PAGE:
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Post-lockdown success demands yet more new ways of working


Post-lockdown success demands yet more new ways of working

Apply lessons learned during the pandemic and pick people who can act on them quickly

The imminent reopening promised by the government will be welcomed by most leaders. However, we will not be coming back to either the old or current business as usual.

All organisations will face rapid waves of change in creating new ways of working. They will quickly have to figure out how to reorganise operations (with an eye to possible further shutdowns) and lead their teams. They also need to balance the new needs of customers and employees.

Last month I joined a session SEAC had arranged with Stephen Denning, author of The Age of Agile and a former World Bank director. Steve shared some fascinating insights on what agile was and was not. After reflecting on my experience, I have some simple ideas based on my observations that I’d like to share with you.

I think every organisation has seen its ways of working transformed by closure, social distancing, or market/ supply chain disruption. Every organisation has had to improvise because no philosophy — agile, to name just one — was developed for what we are currently experiencing. I believe certain principles emerged that can be used as guidelines in the next few months.

Work out your new management needs quickly: Existing management models will struggle. They are too slow. More so than even in lockdown, leaders now need to free the talents of their people.  Technology adoption is driving this management transformation. Bureaucracy is not for the new world; how can we ensure it doesn’t creep back in as we return to the office?

Now the customer really, really, really is king: Because so much will continue to change so quickly, only organisations that really buy into customer obsession will come out ahead. Although companies have faced fierce financial challenges, the focus now must be increasing value to customers. Covid really taught us we are not the centre of customers’ universes.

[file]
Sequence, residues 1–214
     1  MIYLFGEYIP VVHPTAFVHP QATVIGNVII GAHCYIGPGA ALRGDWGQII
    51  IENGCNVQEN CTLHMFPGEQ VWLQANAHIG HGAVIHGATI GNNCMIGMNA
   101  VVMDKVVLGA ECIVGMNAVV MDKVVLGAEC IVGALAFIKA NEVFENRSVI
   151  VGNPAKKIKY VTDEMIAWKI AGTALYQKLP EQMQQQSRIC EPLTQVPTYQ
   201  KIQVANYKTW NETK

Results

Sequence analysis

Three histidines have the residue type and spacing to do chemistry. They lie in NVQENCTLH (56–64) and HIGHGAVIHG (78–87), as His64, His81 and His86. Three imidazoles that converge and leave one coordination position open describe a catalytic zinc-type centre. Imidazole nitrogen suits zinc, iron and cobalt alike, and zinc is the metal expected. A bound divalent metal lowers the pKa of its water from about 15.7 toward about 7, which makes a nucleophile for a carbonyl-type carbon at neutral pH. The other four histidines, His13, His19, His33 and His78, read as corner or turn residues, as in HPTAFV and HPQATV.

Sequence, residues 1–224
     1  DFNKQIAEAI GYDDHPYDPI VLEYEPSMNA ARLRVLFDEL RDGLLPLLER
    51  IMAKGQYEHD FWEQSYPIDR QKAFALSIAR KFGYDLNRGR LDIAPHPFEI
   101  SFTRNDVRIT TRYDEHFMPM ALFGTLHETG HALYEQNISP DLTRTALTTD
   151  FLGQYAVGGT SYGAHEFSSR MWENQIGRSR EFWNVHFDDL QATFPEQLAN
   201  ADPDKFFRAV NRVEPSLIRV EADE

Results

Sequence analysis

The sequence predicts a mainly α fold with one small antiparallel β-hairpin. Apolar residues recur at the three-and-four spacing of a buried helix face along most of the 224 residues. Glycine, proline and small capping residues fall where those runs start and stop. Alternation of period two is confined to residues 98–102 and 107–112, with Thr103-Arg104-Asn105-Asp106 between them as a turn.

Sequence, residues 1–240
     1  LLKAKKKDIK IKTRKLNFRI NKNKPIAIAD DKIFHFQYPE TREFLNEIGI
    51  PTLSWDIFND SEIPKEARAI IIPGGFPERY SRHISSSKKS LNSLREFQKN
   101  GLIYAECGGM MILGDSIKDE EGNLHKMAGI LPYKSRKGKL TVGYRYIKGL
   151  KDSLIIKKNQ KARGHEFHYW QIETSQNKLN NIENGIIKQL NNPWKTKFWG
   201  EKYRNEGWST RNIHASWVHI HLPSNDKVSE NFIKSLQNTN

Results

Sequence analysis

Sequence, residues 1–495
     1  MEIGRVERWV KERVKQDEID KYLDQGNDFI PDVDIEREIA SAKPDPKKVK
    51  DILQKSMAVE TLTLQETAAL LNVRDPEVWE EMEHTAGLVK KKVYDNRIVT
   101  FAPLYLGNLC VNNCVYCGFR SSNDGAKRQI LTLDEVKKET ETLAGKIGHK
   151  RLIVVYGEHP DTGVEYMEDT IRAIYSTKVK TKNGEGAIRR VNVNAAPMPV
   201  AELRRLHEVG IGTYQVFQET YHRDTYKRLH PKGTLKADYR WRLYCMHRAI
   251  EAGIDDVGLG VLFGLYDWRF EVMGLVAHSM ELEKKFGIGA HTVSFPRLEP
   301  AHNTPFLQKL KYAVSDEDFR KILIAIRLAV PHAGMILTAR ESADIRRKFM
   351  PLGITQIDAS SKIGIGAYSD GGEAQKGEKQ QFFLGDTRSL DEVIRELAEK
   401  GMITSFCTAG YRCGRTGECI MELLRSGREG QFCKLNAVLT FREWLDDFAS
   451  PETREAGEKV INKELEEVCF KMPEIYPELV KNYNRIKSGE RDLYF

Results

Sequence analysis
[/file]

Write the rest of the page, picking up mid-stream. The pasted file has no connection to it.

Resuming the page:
We can no longer supply a partial solution or just a good enough product. Now, everything we do and how we do it in the organisation needs to be focused on customers. Many  companies learned this the hard way over the past 18 months and must now ensure there is no backsliding.

Just the essentials: Stop doing the things that don’t directly help customers, or that we do just because we have always done them.  Some research shows that before Covid, up to 40% of work in organisations did not add any value. During the pandemic we all got leaner, and we must stay that way and instead invest in building the new capabilities we need, rather than recreating old kingdoms. Customer responses must guide what we do and do not do more than ever before.

Organise and execute through small teams: One pleasant surprise we learned during the pandemic is how how quickly new things could be achieved by small, empowered teams. By providing purpose and removing bureaucracy, it has been a revelation to see what is possible.

Leaders and managers must not go back to old organisational models because there are so many things to do now. The walls between parts of the organisation must stay down, and teams must retain the flexibility they need to succeed.

Increase empathy: Ways of working must be based on really understanding how other people, customers, colleagues, and team members think. This requires a very human-centric approach. Convincing employees to adapt using logic will only work if they agree with you. Ruling with an iron fist is the worst possible choice now.

Creating and making new ways of working stick requires inspiration, and this is built on empathy. Organisations now need to help leaders build skills to get people to want to change how work gets done.

Get started: Your leaders need to say we need to do things differently and experiment. The exact answer will be different for each organisation. Work with your early adopters and innovators because these will be the future of your organisation once any remaining dinosaurs fail to adapt.

Also, don’t limit ideas to those that come from the people with the titles, because all ideas should be open for discussion. Finally, as Stephen Denning shared, ensure that new-normal competence, not noise, is driving the conversation.

Arinya Talerngsri is Chief Capability Officer and Managing Director at SEAC — Southeast Asia’s Lifelong Learning Center. She can be reached by email at [email protected] or https://www.linkedin.com/in/arinya-talerngsri-53b81aa. Talk to us about how SEAC can help your business during times of uncertainty at https://forms.gle/wf8upGdmwprxC6Ey9

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